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Case
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Reference no. 906-021-1
Authors: Ajoy Ivaturi (T A Pai Management Institute); Santosh S Raghavan (T A Pai Management Institute)
Published in: 2006

Abstract

The case finds immense application in management education as it combines several aspects related to business, that any student, irrespective of his field of specialisation, would find extremely valuable. Ashok Leyland is one of India''s leading manufacturers of commercial vehicles. The company also manufactures special vehicles and engines for industrial, genset and marine requirements. In 1996 the company launched its first tipper called Cargo. The Cargo promised to bring with it a new set of values and an unmatched basket of benefits, ushering in a change. Unfortunately, it did not take off as expected and sales started to dip. A study revealed that the Cargo suffered minor technical defects, which were adversely affecting its performance. The company then invested heavily in research and development and ensured that all of the defects were completely eliminated. The tipper was then launched under the name Ecomet, but sales continued to remain dull. The company then decided to conduct market research to try and find out the possible reasons for the failure and to decide what the future course of action should be. The case holds significant relevance in the areas of strategic management: The case calls for a strategic decision to be made that needs to be based on several aspects which go beyond the data presented. Quantitative analysis: the entire case rests on quantitative evaluation of the data that is presented as exhibits and drawing inferences from the given data. Another aspect to be noted is that the instructor places emphasis only on the data presented and not on how the figures have been arrived at. If the students do exhibit interest in the methodology then the instructor can go ahead and give them a suitable explanation. Decision making: the case places emphasis on what needs to be done based on the data collected. Concentrating on the decision to be made, its implications, and the variables that might affect or limit the decision-making procedure enables an effective learning process.
Location:
Other setting(s):
June 2004

About

Abstract

The case finds immense application in management education as it combines several aspects related to business, that any student, irrespective of his field of specialisation, would find extremely valuable. Ashok Leyland is one of India''s leading manufacturers of commercial vehicles. The company also manufactures special vehicles and engines for industrial, genset and marine requirements. In 1996 the company launched its first tipper called Cargo. The Cargo promised to bring with it a new set of values and an unmatched basket of benefits, ushering in a change. Unfortunately, it did not take off as expected and sales started to dip. A study revealed that the Cargo suffered minor technical defects, which were adversely affecting its performance. The company then invested heavily in research and development and ensured that all of the defects were completely eliminated. The tipper was then launched under the name Ecomet, but sales continued to remain dull. The company then decided to conduct market research to try and find out the possible reasons for the failure and to decide what the future course of action should be. The case holds significant relevance in the areas of strategic management: The case calls for a strategic decision to be made that needs to be based on several aspects which go beyond the data presented. Quantitative analysis: the entire case rests on quantitative evaluation of the data that is presented as exhibits and drawing inferences from the given data. Another aspect to be noted is that the instructor places emphasis only on the data presented and not on how the figures have been arrived at. If the students do exhibit interest in the methodology then the instructor can go ahead and give them a suitable explanation. Decision making: the case places emphasis on what needs to be done based on the data collected. Concentrating on the decision to be made, its implications, and the variables that might affect or limit the decision-making procedure enables an effective learning process.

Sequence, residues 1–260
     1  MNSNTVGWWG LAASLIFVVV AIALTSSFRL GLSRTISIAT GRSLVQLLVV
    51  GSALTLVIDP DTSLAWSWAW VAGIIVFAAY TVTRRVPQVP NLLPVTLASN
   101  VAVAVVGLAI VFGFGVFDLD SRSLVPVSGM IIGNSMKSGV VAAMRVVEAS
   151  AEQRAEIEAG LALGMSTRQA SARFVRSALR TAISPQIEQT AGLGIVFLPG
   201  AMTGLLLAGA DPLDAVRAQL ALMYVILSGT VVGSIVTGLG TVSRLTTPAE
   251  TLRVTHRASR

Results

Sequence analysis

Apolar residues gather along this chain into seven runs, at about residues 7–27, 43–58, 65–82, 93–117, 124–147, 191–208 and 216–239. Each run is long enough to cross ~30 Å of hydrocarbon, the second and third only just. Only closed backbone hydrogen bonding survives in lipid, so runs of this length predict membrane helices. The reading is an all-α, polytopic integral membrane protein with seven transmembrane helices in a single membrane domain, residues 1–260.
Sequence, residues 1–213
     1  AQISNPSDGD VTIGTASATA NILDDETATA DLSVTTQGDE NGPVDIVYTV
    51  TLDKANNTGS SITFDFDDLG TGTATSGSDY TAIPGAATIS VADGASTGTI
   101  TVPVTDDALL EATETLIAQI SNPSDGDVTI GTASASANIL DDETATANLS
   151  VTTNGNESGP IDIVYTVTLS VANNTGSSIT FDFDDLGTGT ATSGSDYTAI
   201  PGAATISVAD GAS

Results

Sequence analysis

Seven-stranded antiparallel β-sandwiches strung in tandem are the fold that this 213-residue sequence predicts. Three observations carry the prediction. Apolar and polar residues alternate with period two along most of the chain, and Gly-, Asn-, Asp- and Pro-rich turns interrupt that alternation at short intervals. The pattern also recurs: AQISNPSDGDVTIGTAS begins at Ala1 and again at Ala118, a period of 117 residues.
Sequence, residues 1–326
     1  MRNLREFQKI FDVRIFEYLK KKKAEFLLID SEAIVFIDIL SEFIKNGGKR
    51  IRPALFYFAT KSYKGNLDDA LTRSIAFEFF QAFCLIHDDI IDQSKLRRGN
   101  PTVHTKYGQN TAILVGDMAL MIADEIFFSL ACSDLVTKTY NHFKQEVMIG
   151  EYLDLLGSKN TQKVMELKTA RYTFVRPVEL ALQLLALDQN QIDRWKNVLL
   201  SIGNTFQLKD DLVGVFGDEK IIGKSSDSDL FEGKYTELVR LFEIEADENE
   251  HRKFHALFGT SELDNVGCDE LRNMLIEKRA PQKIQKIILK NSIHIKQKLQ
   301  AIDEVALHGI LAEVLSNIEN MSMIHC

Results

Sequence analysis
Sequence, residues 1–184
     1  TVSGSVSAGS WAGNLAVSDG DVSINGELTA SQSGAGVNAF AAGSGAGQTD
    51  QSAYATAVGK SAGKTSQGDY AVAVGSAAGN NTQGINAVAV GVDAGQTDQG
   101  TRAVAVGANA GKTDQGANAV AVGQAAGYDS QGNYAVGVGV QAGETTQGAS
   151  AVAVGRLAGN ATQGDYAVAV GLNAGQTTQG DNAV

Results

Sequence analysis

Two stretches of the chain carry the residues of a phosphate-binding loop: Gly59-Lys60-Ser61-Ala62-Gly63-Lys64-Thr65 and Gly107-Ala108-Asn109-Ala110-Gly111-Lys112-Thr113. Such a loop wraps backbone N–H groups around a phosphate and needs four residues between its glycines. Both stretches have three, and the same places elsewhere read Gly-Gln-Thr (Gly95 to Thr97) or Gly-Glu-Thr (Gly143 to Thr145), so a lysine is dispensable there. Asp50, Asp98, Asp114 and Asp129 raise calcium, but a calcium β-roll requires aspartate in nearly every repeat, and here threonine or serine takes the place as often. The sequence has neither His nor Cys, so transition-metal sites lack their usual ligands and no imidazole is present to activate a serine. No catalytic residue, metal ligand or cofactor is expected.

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Location:
Other setting(s):
June 2004

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